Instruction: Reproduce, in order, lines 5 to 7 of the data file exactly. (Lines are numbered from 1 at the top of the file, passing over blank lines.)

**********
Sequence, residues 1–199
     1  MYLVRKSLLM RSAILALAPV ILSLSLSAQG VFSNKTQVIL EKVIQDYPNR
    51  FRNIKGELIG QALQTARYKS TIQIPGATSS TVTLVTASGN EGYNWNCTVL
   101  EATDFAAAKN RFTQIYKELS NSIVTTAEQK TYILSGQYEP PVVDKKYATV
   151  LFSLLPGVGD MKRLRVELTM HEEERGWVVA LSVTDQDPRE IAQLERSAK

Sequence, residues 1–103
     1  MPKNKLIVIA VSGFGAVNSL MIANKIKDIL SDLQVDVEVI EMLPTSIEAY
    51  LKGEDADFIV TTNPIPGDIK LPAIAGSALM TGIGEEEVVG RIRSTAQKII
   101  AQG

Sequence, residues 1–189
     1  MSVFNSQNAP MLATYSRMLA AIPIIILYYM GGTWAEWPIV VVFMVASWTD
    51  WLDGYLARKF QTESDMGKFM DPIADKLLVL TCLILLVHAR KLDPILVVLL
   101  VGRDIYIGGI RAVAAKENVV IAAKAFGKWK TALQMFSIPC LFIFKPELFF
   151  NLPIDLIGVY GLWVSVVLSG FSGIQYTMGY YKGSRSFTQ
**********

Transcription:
   151  LFSLLPGVGD MKRLRVELTM HEEERGWVVA LSVTDQDPRE IAQLERSAK

Sequence, residues 1–103
     1  MPKNKLIVIA VSGFGAVNSL MIANKIKDIL SDLQVDVEVI EMLPTSIEAY